EGU General Assembly 2021
© Author(s) 2021. This work is distributed under
the Creative Commons Attribution 4.0 License.

sensitivity of middle atmospheric ozone to solar proton events: comparison between climate model and satellites

Kenneth Nilsen1, Antti Kero1, Pekka Verronen1,2, Monika Szelag2, Niilo Kalakoski2, and Jia Jia1
Kenneth Nilsen et al.
  • 1University of Oulu, Sodankylä Geophysical Observatory, Finland (
  • 2Space and Earth Observation centre, Finnish Meteorological Institute, Finland

Energetic particle precipitation (EPP) impact on the middle atmospheric ozone chemistry plays potentially an important role in the connection between space weather and Earth's climate system. A variant of the Whole Atmosphere Community Climate Model (WACCM-D) implements a detailed set of ionospheric D-region chemistry instead of a simple parameterization used in the earlier WACCM versions, allowing to capture the impact of EPP in more detail, thus improving the model for long-term climate studies. Here, we verify experimentally the ion chemistry of the WACCM-D by analysing the middle atmospheric ozone response to the EPP forcing during well-known solar proton events (SPEs). We use a multi-satellite approach to derive the middle atmospheric sensitivity for the SPE forcing as a statistical relation between the solar proton flux and the consequent ozone change. An identical sensitivity analysis is carried out for the WACCM-D model results, enabling one-to-one comparison with the results derived from the satellite observations. Our results show a good agreement in the sensitivity between satellites and the WACCM-D for nighttime conditions. For daytime conditions, we find a good agreement for the satellite data sets that include the largest SPEs (max proton flux >10^4 pfu). However, for those satellite data-sets with only minor and moderate SPEs, WACCM-D tends to underestimate the sensitivity in daytime conditions. In summary, the comparisons WACCM-D ion chemistry, combined with the transportation, demonstrates a realistic representation of the SPE sensitivity of ozone, and thus provides a conservative platform for long-term EPP impact studies.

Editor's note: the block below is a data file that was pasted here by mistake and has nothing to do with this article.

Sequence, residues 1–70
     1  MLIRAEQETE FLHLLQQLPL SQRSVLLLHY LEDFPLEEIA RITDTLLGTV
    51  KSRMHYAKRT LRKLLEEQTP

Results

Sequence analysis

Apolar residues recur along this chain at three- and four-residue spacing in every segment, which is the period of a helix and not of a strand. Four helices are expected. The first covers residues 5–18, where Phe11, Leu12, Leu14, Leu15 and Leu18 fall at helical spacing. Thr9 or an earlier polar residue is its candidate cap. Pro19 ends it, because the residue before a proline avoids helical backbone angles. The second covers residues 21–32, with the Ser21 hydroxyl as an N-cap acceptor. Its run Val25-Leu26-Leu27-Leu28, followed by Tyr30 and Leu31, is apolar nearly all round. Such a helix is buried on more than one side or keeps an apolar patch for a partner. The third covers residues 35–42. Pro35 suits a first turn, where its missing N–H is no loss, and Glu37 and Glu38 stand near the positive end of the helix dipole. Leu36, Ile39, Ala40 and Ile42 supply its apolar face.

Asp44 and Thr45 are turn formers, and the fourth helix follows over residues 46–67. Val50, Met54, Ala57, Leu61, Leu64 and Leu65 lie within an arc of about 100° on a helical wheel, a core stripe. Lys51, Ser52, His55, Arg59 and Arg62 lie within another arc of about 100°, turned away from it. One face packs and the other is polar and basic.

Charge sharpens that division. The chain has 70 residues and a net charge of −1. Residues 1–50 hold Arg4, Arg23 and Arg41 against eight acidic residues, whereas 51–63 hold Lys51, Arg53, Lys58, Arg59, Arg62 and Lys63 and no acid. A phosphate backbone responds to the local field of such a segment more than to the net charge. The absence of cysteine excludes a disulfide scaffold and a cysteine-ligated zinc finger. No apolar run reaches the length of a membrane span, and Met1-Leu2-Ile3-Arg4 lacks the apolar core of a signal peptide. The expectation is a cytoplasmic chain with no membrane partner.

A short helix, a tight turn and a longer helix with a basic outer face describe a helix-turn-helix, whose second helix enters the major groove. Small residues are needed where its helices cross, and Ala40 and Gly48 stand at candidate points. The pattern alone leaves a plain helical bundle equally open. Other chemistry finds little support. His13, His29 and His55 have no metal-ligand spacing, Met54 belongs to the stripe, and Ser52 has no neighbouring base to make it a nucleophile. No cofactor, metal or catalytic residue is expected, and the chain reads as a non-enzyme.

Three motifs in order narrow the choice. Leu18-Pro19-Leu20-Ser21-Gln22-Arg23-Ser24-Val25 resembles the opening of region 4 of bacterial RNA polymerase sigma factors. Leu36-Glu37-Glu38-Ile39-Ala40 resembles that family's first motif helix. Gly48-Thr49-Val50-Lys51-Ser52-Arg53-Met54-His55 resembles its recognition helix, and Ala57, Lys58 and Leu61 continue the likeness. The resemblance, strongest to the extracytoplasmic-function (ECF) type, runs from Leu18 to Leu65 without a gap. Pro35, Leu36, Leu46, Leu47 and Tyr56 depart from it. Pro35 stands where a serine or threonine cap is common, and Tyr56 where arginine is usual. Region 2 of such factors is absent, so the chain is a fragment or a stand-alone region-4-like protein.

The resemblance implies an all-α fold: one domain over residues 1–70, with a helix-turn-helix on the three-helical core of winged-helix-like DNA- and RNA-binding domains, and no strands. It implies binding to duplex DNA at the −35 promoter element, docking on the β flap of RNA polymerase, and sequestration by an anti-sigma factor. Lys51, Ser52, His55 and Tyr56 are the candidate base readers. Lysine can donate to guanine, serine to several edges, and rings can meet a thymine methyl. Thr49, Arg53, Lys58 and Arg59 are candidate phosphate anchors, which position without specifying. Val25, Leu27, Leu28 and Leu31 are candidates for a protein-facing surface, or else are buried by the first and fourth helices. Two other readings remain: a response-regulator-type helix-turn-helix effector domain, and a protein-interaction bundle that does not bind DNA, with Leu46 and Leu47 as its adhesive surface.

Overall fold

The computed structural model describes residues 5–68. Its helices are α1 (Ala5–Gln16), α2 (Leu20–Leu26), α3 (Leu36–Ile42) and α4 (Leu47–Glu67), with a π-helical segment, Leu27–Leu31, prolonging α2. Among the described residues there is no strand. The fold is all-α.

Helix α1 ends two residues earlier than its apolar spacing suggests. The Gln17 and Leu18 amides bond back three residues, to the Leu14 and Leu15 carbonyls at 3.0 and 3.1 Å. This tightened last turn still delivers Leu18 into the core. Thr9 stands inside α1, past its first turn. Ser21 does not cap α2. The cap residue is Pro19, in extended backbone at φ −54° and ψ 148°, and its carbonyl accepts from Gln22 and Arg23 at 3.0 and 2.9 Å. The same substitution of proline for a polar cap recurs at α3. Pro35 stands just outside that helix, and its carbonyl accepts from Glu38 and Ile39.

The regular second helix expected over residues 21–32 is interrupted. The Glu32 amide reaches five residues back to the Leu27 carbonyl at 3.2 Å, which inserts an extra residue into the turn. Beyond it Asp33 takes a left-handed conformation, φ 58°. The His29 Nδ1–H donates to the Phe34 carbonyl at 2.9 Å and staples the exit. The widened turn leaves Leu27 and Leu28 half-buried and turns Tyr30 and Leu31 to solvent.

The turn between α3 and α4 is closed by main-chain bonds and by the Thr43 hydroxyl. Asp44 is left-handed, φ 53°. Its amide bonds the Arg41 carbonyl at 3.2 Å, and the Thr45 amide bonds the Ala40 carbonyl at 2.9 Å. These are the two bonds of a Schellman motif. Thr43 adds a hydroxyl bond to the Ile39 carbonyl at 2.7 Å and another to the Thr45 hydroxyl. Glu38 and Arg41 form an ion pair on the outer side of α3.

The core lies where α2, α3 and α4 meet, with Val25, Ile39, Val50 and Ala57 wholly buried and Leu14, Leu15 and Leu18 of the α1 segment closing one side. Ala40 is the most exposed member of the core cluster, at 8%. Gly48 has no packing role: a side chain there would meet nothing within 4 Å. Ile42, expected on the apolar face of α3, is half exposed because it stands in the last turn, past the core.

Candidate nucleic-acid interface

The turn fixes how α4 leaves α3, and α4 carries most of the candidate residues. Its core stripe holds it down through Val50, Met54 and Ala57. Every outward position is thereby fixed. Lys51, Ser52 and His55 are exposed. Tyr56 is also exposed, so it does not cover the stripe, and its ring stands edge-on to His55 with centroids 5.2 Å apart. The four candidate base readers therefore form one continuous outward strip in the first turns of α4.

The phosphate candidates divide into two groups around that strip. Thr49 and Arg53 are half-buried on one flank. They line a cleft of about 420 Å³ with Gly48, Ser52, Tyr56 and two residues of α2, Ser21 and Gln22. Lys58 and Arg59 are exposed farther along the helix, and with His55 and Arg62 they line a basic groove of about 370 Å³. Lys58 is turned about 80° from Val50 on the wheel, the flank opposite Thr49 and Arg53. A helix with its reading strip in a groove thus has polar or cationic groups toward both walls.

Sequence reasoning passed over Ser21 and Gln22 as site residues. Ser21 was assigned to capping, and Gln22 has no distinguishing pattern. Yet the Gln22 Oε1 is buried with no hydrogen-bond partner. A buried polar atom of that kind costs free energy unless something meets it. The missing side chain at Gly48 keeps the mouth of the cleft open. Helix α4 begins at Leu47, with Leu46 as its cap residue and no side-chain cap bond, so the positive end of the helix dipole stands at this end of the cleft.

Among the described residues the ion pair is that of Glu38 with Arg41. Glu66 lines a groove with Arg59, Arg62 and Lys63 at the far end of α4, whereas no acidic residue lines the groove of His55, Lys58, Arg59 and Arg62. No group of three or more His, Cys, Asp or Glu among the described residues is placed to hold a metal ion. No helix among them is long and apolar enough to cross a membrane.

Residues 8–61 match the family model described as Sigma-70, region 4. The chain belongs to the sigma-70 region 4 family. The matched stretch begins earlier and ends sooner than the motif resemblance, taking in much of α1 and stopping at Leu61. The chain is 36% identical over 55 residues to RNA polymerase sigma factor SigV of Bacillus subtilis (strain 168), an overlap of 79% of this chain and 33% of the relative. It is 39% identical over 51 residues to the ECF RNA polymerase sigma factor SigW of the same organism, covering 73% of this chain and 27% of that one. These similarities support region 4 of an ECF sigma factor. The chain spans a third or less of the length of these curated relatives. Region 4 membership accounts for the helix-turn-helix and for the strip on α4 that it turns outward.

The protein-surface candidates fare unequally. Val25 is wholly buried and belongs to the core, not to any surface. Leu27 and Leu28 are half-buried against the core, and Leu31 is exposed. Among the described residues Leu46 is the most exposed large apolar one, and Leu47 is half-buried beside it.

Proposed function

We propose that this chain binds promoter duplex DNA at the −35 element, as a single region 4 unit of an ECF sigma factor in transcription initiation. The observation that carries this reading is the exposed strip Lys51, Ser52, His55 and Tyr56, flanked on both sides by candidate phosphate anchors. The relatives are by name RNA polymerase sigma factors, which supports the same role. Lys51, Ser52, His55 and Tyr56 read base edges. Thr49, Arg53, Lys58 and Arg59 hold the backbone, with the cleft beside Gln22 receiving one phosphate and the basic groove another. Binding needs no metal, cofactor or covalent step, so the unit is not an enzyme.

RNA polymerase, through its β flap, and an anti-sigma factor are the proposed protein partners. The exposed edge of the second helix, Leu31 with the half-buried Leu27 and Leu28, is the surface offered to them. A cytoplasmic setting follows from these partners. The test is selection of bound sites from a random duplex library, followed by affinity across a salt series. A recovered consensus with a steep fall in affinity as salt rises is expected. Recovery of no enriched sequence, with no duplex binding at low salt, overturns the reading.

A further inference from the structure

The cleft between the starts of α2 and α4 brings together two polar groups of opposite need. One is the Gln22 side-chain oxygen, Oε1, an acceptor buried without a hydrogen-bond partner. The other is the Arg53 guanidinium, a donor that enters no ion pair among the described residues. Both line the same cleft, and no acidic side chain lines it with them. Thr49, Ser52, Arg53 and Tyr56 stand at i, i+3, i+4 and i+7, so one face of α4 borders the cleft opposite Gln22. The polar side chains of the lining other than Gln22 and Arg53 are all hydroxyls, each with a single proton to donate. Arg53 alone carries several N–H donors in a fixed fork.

How to cite: Nilsen, K., Kero, A., Verronen, P., Szelag, M., Kalakoski, N., and Jia, J.: sensitivity of middle atmospheric ozone to solar proton events: comparison between climate model and satellites, EGU General Assembly 2021, online, 19–30 Apr 2021, EGU21-10818,, 2021.

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